Upon completion of his PhD in psychology, Paul Fitts (1912-1965) joined the military, where he rose to the rank Lieutenant Colonel and became the first director of the Psychology Branch of the Aerospace Medical Research Laboratory at Wright Field (now Wright-Patterson Air Force Base). Concerned that in World War II many aircraft were lost due to pilot error, Fitts undertook an analysis of the errors that pilots made in reading displays and manipulating controls. From this work, he argued that many losses could have been avoided through improved cockpit design. Realizing that it was more important to design machines that matched operators’ capabilities than to train operators to use poorly designed machines, he began work on optimizing the design of cockpits, instruments, radar scopes, gun sights and navigation systems.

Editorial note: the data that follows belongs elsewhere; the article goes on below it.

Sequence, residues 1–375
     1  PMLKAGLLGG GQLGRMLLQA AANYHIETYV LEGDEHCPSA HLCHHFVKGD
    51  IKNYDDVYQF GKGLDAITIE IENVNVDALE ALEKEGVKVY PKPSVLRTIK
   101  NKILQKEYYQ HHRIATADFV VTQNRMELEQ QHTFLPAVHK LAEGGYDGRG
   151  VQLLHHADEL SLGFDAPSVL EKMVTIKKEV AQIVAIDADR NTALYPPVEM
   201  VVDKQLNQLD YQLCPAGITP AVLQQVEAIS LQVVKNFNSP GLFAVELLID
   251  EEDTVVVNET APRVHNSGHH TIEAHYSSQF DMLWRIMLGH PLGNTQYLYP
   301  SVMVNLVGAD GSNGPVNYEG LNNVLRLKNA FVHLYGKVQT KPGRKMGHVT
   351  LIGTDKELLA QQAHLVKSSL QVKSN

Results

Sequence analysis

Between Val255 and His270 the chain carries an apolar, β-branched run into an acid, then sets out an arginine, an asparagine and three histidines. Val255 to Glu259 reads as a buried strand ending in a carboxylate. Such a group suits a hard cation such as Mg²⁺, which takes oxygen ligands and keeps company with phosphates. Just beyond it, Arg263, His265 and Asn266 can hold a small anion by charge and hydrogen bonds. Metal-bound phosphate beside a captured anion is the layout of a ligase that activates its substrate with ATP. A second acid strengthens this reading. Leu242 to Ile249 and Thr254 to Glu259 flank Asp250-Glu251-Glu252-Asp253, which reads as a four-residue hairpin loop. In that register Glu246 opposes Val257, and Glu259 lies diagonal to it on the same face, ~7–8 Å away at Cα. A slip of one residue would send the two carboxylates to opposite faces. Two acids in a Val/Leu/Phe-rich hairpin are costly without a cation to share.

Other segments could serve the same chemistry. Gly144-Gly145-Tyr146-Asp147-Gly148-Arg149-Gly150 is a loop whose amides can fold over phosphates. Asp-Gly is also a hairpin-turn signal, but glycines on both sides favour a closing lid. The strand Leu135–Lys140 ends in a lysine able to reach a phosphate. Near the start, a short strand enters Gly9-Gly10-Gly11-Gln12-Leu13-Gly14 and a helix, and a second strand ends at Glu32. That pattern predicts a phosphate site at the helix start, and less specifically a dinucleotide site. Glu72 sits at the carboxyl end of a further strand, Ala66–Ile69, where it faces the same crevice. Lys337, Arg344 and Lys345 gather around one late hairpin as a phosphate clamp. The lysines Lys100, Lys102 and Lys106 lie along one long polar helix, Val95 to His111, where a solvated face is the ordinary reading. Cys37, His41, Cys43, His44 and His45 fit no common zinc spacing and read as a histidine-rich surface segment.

Fitts joined the Ohio State faculty in 1949, where he created the Aviation Psychology Research Laboratory and continued his work on human factors engineering. While at Ohio State, he published his seminal work, Fitts’ Law, which, much simplified, states that the amount of time required for a person to move a pointer (e.g., mouse cursor) to a target area is a function of the distance to the target divided by the size of the target. Thus, the greater the distance and the smaller the target’s size, the longer it takes an operator to reach it. While originally published in 1954, Fitts’ Law has taken on renewed importance in the area of human-computer interactions, especially in optimizing the design of graphical user interfaces.